“Other Christmas babies shared with me some of the unique ways they’ve tried to harmonize the two celebrations,” Ome wrote. “ Bradley Lawson, a 28-year-old in Wasilla, Alaska, told me that his parents would wake him and his siblings up at 4 a.m. on Christmas morning to open presents, then go back to sleep. After a midday nap, Lawson’s birthday activities would commence. He explained that his parents’ philosophy was “Let’s get everyone taken care of and then you can have your excitement in that second part of the day.” In middle school, he said, his family got creative and decided to celebrate his half-birthday, in June. “None of us liked it,” Lawson said. “It wasn’t what I was used to.”
“Jennifer Fowlie, a 29-year-old in Geneva, was never bothered by the timing of her birthday when she was a child growing up in Scotland. She got to decide the menu for Christmas dinner—usually pizza—and loved the celebratory mood of the holiday season. However, for the past few years, Fowlie has spent Christmas with her fiancé, who is German, and his family. ‘They celebrate Christmas on the 24th,’ she told me, so ‘the 25th is just my birthday now, which is very weird, actually.’”
“Anna Marquardt, a 39-year-old Christmas baby living in Washington, D.C., told me that several of her relatives also have birthdays near Christmas. When the extended family gathered for the annual Christmas Day festivities, her youngest sister (born in August) would ask, ‘Why do those guys get a tree at their birthday and I don’t get any tree?’”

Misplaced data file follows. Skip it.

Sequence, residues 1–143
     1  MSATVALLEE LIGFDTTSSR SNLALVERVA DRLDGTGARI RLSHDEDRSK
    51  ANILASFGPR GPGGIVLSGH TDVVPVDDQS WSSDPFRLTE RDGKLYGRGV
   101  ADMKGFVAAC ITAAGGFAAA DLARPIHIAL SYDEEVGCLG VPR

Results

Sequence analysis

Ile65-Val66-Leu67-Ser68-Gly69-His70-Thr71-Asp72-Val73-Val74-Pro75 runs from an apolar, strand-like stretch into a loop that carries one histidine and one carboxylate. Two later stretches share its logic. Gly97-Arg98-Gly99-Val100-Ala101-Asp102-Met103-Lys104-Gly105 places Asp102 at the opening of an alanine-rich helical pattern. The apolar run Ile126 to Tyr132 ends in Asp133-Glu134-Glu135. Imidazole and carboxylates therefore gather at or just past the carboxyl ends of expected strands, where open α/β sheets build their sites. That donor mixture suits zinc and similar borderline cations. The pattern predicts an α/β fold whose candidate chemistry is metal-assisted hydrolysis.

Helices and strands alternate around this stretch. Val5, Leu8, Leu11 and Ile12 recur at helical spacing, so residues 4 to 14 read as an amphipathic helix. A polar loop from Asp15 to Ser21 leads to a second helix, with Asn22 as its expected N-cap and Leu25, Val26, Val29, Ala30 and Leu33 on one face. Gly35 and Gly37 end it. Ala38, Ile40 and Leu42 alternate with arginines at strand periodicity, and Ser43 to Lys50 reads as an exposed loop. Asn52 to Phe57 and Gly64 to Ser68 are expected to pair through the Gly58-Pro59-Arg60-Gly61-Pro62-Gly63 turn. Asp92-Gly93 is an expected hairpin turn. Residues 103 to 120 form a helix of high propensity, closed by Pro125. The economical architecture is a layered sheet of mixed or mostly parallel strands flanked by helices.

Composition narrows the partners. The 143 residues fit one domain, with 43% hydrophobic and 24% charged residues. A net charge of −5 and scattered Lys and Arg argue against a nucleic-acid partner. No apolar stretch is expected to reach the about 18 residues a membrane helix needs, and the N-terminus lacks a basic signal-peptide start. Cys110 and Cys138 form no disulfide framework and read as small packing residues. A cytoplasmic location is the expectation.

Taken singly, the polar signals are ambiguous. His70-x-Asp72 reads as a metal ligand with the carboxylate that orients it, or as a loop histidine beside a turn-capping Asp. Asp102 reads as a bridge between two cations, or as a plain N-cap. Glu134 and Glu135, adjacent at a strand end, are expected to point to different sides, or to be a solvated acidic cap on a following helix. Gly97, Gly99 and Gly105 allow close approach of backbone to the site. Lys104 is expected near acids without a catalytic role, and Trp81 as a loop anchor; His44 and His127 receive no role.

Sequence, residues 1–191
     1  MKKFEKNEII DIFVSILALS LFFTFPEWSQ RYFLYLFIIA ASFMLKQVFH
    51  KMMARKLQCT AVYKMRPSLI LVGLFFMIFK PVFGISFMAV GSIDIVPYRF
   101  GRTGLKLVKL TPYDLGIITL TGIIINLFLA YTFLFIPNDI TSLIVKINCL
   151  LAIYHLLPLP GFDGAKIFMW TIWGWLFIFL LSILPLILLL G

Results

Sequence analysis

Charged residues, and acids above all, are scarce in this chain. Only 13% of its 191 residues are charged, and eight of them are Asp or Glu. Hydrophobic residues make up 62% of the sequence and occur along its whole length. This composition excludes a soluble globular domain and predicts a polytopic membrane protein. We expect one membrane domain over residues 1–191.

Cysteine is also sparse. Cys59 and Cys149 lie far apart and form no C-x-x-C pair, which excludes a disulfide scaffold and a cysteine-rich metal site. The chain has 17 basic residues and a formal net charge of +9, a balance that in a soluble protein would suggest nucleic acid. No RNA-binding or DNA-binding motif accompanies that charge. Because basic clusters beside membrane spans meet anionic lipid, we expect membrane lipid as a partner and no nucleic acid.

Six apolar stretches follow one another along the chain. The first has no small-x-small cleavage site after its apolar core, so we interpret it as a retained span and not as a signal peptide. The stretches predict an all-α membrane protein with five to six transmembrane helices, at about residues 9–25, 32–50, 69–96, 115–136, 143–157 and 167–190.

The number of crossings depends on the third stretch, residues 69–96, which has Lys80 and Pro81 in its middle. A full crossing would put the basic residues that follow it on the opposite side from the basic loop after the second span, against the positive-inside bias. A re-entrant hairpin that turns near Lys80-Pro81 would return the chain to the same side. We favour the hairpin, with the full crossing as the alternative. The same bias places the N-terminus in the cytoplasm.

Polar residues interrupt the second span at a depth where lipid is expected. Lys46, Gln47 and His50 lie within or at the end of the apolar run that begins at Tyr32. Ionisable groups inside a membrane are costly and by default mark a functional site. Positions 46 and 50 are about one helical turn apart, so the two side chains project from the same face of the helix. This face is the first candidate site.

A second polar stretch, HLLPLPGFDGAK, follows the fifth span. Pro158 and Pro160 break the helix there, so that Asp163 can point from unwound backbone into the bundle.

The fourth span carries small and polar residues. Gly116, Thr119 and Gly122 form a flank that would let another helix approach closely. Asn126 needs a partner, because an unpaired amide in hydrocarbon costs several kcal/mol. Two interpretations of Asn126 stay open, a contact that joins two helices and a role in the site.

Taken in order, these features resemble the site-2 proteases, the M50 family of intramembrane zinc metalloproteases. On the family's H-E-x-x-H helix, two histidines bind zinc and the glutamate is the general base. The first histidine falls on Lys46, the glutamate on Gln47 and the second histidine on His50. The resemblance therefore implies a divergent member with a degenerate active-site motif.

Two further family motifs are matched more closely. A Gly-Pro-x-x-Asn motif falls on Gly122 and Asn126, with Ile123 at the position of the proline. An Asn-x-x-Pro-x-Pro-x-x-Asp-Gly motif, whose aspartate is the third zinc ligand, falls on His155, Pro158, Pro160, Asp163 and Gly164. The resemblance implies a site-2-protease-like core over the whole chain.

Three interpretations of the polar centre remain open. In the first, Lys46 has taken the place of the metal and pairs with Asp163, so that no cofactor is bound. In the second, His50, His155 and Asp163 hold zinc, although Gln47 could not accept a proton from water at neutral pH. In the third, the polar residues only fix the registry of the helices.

“A few years ago, Marquardt wrote a song called “Born on Christmas Day,” which has the hilariously memorable chorus of “Stop stealing my thunder, Jesus,” Ome wrote. “Marquardt explained that ‘the song is really very tongue in cheek, because it makes it seem like I don’t like my birthday, but I actually really do.’”
“Like Marquardt, I started to embrace my birthday more as I grew older. But I spent years disliking my birthday, especially after my parents separated, when I was 12. After that, the holidays just served as a stressful reminder that our family had split. But on my 17th birthday, a confluence of circumstances meant I finally got to spend the day on my terms.”
“That year, all I wanted was to sleep in, eat junk food, and watch the Doctor Who Christmas special. But my mom had planned for us to go to Los Angeles to see relatives, so none of those were options.”
“Then I came down with a terrible cold on Christmas Eve. I spent the day in a cold sweat, swaddled under the covers. On Christmas Day, my fever still hadn’t broken, so I stayed in the hotel while my mom and grandma went to join the rest of our family. I ordered some soup and faded in and out of sleep. In the evening, I turned the TV on and watched Matt Smith in his final Doctor Who appearance.”
“I’d never been alone on my birthday before. At first, I felt giddy, even though I was sick,” Ome wrote. “This was exactly what I wanted, I thought. But looking around the room, I felt the absence of Christmas: no smell of evergreen, no gaudy yet cheery decorations, no sound of the table being set. I missed my family. By getting what I wanted for my birthday, I was missing out on Christmas. That day I decided I didn’t want to make that trade-off again.”
If you don’t have such Christmas/birthday complications, count that as one of your many blessings and have a merry Christmas!